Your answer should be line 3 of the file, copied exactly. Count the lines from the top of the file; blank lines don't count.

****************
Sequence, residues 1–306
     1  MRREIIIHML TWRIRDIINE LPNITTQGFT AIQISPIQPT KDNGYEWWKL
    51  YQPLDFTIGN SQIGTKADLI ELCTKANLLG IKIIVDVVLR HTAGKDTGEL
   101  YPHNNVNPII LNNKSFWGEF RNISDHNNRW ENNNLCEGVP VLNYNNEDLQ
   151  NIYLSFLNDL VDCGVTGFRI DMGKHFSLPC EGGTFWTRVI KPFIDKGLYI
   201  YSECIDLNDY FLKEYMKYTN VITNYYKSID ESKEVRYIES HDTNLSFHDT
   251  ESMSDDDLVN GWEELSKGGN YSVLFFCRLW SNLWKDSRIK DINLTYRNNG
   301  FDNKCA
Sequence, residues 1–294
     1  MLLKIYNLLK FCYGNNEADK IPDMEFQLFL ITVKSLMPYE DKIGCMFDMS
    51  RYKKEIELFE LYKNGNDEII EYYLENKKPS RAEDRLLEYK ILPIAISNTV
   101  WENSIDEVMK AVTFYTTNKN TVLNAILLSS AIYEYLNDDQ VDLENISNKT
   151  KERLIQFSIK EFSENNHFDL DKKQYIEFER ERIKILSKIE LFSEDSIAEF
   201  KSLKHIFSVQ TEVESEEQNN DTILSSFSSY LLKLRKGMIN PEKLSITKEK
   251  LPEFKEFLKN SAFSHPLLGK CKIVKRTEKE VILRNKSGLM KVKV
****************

    51  YQPLDFTIGN SQIGTKADLI ELCTKANLLG IKIIVDVVLR HTAGKDTGEL